Replacing OKU Card Hard, Expensive, Amputee Grouses About JKM KL

By CodeBlue | 17 October 2019

Parking cost, location hassle, and photocopy of IC are among his issues.

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KUALA LUMPUR, Oct 17 – An amputee has complained about the inconveniences of Social Welfare Department (JKM) Kuala Lumpur’s “zero welfare” services for people with disabilities (OKU).

Melvin Tong said he went to the department to get his OKU card replaced and was first met with a series of issues regarding parking and location of the office, which is at Level 9 of Grand Seasons Hotel.

“While having absolutely no signage outside to confirm the location, and having a parking rate of min RM5.50 for first hour, that is not the ridiculous part of my experience here,” he said on Facebook last Tuesday.

Following this, upon reaching the office, he was told that he needed to present a photocopy of his IC.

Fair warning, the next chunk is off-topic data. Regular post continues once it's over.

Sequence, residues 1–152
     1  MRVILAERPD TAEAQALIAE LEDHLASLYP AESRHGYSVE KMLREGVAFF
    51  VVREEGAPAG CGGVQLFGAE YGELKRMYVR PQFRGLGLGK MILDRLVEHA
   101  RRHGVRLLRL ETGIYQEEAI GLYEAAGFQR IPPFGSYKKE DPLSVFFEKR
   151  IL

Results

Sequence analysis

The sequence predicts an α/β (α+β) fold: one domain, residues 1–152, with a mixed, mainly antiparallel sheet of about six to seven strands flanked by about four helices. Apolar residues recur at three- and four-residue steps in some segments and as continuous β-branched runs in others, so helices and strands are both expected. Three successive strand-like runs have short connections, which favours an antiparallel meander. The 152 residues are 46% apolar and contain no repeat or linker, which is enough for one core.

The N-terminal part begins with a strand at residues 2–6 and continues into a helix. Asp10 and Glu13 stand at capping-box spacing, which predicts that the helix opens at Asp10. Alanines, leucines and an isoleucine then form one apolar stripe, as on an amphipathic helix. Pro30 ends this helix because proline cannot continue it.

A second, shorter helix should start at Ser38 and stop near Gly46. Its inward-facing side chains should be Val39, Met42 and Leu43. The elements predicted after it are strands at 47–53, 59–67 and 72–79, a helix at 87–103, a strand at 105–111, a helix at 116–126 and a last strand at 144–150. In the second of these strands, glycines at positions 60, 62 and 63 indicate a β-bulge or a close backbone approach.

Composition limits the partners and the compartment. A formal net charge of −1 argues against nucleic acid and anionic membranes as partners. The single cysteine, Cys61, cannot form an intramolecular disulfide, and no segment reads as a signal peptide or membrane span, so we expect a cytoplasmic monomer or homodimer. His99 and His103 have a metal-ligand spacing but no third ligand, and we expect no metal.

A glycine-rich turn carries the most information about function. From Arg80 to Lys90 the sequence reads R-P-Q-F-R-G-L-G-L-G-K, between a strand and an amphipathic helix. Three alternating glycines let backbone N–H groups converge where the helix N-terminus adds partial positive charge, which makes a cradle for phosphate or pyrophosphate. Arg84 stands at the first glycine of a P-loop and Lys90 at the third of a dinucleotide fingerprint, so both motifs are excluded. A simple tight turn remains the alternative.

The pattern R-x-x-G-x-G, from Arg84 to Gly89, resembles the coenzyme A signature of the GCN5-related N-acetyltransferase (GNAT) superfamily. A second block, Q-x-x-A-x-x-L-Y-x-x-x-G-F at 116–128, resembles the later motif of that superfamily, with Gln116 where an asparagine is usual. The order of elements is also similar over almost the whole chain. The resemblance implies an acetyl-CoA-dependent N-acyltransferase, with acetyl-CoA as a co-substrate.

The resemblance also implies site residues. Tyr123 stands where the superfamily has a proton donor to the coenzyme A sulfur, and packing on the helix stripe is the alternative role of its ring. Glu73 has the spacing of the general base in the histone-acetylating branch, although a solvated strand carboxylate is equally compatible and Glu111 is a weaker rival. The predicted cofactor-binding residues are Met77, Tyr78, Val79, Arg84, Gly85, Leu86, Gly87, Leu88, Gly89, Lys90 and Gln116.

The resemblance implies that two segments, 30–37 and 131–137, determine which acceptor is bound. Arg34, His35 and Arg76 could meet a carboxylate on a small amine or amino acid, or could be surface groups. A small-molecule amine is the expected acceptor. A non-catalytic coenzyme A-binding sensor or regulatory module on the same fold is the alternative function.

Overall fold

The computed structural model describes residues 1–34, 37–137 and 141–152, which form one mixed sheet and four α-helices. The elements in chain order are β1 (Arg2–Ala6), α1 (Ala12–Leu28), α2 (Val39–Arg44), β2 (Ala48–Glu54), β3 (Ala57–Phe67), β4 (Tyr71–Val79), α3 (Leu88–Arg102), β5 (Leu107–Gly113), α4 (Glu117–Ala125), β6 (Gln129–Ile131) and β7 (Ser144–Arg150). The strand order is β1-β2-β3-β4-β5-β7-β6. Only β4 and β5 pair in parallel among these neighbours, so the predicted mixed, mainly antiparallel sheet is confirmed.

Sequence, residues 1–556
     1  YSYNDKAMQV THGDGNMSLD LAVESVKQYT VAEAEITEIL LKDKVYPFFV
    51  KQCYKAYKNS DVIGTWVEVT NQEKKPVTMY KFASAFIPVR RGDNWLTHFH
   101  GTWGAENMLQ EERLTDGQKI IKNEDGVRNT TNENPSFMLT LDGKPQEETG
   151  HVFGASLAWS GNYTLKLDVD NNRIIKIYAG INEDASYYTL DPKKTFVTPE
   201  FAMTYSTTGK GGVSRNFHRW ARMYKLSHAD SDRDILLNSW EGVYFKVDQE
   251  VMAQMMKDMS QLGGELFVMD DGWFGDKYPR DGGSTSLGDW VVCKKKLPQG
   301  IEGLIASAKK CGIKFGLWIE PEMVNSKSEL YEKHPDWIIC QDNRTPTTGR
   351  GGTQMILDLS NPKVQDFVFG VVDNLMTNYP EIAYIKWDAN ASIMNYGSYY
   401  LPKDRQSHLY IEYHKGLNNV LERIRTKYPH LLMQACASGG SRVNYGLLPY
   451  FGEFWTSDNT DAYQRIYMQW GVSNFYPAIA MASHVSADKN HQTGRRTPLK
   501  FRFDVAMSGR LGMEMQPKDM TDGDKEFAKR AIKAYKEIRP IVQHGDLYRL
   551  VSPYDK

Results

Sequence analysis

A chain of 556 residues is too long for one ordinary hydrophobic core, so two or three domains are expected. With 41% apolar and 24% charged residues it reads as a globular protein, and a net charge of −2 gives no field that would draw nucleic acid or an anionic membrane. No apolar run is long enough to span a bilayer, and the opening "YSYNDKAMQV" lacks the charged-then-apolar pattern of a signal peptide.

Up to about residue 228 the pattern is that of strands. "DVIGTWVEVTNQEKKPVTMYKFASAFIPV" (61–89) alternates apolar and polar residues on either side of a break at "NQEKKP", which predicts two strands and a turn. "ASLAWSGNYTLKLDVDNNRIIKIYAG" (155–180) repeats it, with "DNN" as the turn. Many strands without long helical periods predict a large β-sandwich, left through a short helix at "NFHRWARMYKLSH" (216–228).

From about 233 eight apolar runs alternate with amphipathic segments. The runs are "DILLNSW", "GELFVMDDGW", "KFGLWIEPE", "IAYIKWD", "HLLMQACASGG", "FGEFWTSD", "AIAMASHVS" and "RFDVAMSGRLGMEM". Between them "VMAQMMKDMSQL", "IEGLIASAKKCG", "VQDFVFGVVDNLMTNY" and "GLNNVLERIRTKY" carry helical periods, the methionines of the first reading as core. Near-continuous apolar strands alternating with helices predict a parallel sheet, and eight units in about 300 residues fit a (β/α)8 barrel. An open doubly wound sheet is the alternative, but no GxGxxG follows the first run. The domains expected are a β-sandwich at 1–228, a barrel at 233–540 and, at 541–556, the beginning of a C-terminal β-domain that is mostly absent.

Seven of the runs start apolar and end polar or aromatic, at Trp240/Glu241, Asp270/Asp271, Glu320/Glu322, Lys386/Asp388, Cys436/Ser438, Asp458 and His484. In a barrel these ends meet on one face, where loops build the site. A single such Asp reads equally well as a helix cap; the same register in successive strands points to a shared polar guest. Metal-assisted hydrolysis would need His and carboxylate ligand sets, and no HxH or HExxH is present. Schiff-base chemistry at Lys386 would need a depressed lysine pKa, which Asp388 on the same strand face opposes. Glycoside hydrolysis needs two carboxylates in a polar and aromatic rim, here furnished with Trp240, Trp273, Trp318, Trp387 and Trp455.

“But the problem is they do not provide the service there and require the OKUs to go to the lobby, walk across the street to find a convenient store just to make a copy of my IC.

“What’s the use of our high-end IC if a simple procedure is so tedious?” he asked.

“When asked why can’t this simple step be part of the service for the department, I was told that this is office work and they are not an office. Heck, I for one wouldn’t even mind paying more for the copy even at RM1 or 2 than to run around printing unnecessary paper when everything was already in the system,” he further said.

“When the lady in the counter insert my IC to the card reader, she could conveniently see and get all my details there in the system!

“And guess what, to print the OKU card, they will send a physical letter to my house informing the card has been done between one to three months and either myself or representative has to come back to this hotel to manually pick up the card,” Tong added.

According to Tong’s website, he was diagnosed with a rare type of malignant tumour known as fibrosarcoma, a soft tissue cancer that necessitated a limb amputation when he was 17. He had a hip disarticulation on his right leg shortly after the biopsies confirmed his diagnosis.

Tong is an advocate for child abuse issues. He has climbed Mount Kinabalu to raise awareness and collect funds for the cause.

“As this is a problem faced by hundreds of OKUs going to the center every day, I can only hope this can and will be improved,” he expounded in his post.

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